Oh Hello Jo — Nick Atkins

Photography & Words:
Jo Rosenthal

When I first moved to New York, I had a hard time finding a community. I always knew I wanted to be part of the art scene, but finding a community that would include me felt like my life’s greatest challenge. Because of my love for books, I started going to book fairs and ended up meeting Lele Saveri, who is the head of 8Ball Community, New York’s coolest underground hub for zine making, activism, publishing, music and more. And that’s when I met Nick Atkins. Originally from outside of Boston, he’s lived in New York for 20 years and he’s been making art as long as he can remember. We instantly clicked and he took me under his wing and became my first mentor.

I like to think he taught me everything I know about how to make the most of living in a city that can sometimes be extremely isolating and sad. I recently caught up with him after not seeing each other for a long time, and we had so much to talk about. As it turns out, he has a new show opening at Entrance Gallery on November 7th, and I got the inside scoop on him, his art, his life and how he makes the most of living in the Big Apple.
JR: What city do you most identify with?
NA: New York City, baby!!!
JR: What’s your favorite neighborhood in New York?
NA: It might sound corny, but I like Chinatown.
JR: Why?
NA: It’s just an actual cultural hub. I like Midtown too, but in Chinatown there’s always something that sparks my imagination.
JR: Before the interview you said you were really into moths lately, what kind of moth is your favorite? NA: I really like fire moths right now.
JR: So tell me, what is your new show about?
NA: Night time, sex, life, death…
JR: How did you come up with this concept?
NA: It’s just what I’ve been thinking a lot about lately. I’ve been trying to explore some classic themes to justify what I’ve been feeling. I’m really interested in paintings about night because they’ve existed in a classical sense for such a long time. Painting on canvas is really new to me and I’ve been trying to keep it traditional so I wanted to relate to classical paintings but create new ones to show what mine would look like in a historical sense.
JR: What fascinates you about night time? What would you say your favorite hours are?
NA: Midnight to 3am is just the best, the whole world shifts upside down and things that are boring during the day are exciting at night.

“I would like people to know that art is for us. I want art to be inclusive, it’s for everyone.”

JR: Do you like to go out?
NA: I like to walk around, but I don’t like to go out.
JR: I’ve noticed a lot of woodcuts in your studio, how did you come up with that concept?
NA: From living in Haiti, I was super inspired by how much wood art there is over there.
JR: Would you say that you’re a spiritual person? Do you think of anything in a religious aspect? A lot of your art has mysticism and it looks like a lot of your art has a crazy backstory.
NA: Recently I’ve been thinking about what I believe in and how to believe in it better.
JR: Do you think that comes with aging?
NA: I had a near death experience in 2016 so that made me start to think a little bit more about God and a higher power and how I could relate to that through art.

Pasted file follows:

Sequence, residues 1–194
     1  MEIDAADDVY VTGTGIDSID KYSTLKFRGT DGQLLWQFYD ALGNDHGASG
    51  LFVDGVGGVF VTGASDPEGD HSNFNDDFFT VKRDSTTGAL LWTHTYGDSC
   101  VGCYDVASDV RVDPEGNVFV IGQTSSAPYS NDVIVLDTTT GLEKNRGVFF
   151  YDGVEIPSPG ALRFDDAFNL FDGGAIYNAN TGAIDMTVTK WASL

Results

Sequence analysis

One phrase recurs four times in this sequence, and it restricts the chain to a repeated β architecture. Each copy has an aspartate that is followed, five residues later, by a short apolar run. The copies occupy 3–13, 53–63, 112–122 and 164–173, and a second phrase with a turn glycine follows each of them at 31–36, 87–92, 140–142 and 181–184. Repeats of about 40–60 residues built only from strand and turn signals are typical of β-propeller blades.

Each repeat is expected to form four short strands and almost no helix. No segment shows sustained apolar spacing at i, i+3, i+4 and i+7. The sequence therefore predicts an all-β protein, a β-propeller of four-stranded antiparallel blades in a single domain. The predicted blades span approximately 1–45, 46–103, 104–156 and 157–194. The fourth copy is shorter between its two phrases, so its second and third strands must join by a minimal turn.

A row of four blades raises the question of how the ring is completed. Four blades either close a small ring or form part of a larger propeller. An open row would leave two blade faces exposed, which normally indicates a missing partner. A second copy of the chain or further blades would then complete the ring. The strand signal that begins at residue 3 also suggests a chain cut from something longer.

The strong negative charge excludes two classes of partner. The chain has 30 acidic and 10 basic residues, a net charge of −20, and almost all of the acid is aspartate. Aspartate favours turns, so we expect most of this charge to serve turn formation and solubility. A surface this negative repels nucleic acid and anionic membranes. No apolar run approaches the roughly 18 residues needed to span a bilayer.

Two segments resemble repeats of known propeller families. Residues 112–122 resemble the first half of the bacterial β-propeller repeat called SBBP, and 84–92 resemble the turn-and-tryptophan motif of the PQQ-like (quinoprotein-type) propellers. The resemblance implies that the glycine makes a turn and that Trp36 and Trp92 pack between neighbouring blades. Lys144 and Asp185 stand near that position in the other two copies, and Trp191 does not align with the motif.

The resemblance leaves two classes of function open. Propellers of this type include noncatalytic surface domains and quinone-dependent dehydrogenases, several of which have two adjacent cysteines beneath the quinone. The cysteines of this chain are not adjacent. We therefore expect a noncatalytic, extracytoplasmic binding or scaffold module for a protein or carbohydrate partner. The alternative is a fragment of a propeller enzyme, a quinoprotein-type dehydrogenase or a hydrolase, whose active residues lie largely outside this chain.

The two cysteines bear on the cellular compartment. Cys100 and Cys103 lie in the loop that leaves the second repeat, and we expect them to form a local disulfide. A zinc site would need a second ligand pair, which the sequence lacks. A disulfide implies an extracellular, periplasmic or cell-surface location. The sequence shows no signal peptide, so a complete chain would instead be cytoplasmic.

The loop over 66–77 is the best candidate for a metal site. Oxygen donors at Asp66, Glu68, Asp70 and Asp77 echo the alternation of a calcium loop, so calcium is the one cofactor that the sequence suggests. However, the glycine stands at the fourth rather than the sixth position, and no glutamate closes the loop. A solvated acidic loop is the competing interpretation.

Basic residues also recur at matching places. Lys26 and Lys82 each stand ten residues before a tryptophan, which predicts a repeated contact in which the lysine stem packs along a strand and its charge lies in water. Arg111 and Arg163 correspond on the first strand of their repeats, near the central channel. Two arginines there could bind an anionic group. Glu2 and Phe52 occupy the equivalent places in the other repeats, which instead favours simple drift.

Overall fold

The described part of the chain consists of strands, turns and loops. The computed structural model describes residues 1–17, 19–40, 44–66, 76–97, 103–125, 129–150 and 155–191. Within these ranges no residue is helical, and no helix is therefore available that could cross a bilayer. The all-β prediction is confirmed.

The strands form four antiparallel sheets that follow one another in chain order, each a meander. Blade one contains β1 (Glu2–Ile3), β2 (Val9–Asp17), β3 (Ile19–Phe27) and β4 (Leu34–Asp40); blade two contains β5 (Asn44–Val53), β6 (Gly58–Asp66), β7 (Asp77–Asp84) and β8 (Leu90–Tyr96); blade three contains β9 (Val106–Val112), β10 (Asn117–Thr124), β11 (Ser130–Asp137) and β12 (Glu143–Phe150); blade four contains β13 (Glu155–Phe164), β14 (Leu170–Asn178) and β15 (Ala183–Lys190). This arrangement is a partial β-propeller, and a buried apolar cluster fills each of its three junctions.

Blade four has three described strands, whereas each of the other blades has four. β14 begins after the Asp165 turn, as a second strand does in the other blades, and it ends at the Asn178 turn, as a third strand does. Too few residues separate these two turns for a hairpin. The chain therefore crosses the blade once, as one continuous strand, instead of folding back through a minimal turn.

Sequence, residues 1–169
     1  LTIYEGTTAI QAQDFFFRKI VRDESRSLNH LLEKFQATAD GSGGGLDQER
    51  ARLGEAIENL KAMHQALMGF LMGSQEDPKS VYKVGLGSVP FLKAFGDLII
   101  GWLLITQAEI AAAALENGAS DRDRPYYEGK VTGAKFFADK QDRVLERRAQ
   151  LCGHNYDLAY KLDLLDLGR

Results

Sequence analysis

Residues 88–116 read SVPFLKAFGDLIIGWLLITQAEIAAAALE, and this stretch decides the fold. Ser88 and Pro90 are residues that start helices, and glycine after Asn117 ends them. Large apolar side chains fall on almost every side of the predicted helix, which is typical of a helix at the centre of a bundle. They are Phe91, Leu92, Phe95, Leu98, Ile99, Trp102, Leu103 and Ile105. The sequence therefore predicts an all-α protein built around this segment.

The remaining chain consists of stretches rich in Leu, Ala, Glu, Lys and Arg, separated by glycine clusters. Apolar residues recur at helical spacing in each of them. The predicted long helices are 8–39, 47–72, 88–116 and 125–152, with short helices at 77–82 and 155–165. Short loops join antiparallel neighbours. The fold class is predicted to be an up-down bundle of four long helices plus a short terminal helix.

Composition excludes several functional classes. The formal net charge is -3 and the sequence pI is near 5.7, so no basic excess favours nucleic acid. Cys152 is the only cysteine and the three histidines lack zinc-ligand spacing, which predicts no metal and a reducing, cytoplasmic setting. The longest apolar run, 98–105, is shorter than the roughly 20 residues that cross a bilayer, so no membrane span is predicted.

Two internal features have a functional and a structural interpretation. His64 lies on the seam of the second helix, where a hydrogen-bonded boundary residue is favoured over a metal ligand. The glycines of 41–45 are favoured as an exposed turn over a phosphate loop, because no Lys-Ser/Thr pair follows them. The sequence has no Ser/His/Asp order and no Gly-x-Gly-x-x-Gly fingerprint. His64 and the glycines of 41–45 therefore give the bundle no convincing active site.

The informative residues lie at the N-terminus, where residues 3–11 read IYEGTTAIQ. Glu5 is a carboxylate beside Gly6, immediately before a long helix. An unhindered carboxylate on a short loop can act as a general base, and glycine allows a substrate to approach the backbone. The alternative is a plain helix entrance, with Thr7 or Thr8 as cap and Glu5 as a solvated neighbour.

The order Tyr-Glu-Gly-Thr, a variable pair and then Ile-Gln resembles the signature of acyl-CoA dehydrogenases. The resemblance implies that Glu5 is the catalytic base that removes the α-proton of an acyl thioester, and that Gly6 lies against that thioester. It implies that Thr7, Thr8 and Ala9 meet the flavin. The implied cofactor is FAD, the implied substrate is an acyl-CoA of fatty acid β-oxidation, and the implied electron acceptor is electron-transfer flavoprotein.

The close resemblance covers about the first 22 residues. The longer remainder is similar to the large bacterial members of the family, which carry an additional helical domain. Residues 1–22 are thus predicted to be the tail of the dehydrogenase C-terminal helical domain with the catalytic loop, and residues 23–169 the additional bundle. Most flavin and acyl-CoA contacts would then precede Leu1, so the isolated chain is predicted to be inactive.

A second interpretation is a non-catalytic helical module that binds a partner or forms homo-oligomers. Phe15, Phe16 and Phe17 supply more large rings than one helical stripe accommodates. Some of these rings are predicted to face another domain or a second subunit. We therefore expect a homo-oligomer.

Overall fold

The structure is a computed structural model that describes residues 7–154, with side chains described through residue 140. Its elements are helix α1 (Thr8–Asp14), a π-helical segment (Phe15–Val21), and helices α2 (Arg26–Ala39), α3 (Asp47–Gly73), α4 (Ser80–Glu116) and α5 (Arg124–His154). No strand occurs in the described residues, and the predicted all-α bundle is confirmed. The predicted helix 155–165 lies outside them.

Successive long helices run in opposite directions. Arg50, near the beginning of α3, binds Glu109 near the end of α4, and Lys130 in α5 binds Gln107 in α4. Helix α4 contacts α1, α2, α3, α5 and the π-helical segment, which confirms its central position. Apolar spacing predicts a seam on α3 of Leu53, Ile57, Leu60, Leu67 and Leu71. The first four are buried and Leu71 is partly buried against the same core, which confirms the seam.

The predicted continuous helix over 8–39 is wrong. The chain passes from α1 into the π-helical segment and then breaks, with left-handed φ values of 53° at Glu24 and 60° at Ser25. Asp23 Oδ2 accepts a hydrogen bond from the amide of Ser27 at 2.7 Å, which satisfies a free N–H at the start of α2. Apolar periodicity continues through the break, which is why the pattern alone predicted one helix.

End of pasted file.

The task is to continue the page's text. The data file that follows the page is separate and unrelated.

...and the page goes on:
JR: What colors do you reach for first when you make art?
NA: I’ve been trying to not be afraid of color so I tried to grab every color. I start with blues and dark blues.
JR: Can you talk a little bit about the masks you’ve been making?
NA: They are helmets and they are about the relationship between man and nature and they are all made out of plastic fruits and vegetables and it makes me wonder when we got to the point of making plastic copies of everything. These fruits and vegetables will be here longer than any of us. It’s like mans disconnection to the earth.
JR: When did you start making art?
NA: I used to trade drawings for homework in middle school. Since I was really little. It felt like the only thing I could do.
JR: Who are some of your favorite artists?
NA: Mostly people I’ve been influenced by since I was really little. My dads friend, this hockey player name Phil Sirois. I didn’t think a person could be an athlete and an artist at the same time so I thought that was really cool. I’m also inspired by this guy named Bruce Monteith who was my best friends dad growing up. It’s funny because when you go to a museum you don’t know what the artist is like and I’ve never been in a famous artists studio and so when I was young, the only connection I could make about how to be an artist was seeing people who were close to my family do it.
JR: Is there anything you want people to know about you that you don’t think they would already know?
NA: I’m not sure what they’d even know, but I want people to know that I want to make paintings for people to relate to so they can feel better about themselves and better about the world. I see a lot of dark stuff in the world and so I want the work to be a little drop of happiness because sometimes I can also be a dark person.
JR: What do you want to tell kids who want to be artists?
NA: Work really fucking hard. If you like something or somebody, don’t copy it…see if you can reach out to them and intern for them in some capacity. Make your own ideas, sketch as if it’s your job. No one is going to give you a break unless you deserve one.
JR: What is your final message that you want people to know about you, your art and how you relate to the world?
NA: I would like people to know that art is for us. I want art to be inclusive, it’s for everyone.
Speed round:
Favorite color: Yellow
Birthday: November 13th
Favorite superhero: His Grandfather
Pajamas worn: None
Favorite animal: Previously horses, but now moths
Nocturn will be open on November 7th at Entrance Gallery (48 Ludlow Street) in New York City. For more info on Nick’s work you can check out his website and his new collab with CDG.